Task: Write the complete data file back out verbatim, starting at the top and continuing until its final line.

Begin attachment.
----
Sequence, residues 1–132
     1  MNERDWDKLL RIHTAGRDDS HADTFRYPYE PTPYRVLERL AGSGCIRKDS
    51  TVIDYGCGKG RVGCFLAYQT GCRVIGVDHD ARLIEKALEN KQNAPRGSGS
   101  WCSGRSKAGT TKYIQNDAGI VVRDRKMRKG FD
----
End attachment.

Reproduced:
Sequence, residues 1–132
     1  MNERDWDKLL RIHTAGRDDS HADTFRYPYE PTPYRVLERL AGSGCIRKDS
    51  TVIDYGCGKG RVGCFLAYQT GCRVIGVDHD ARLIEKALEN KQNAPRGSGS
   101  WCSGRSKAGT TKYIQNDAGI VVRDRKMRKG FD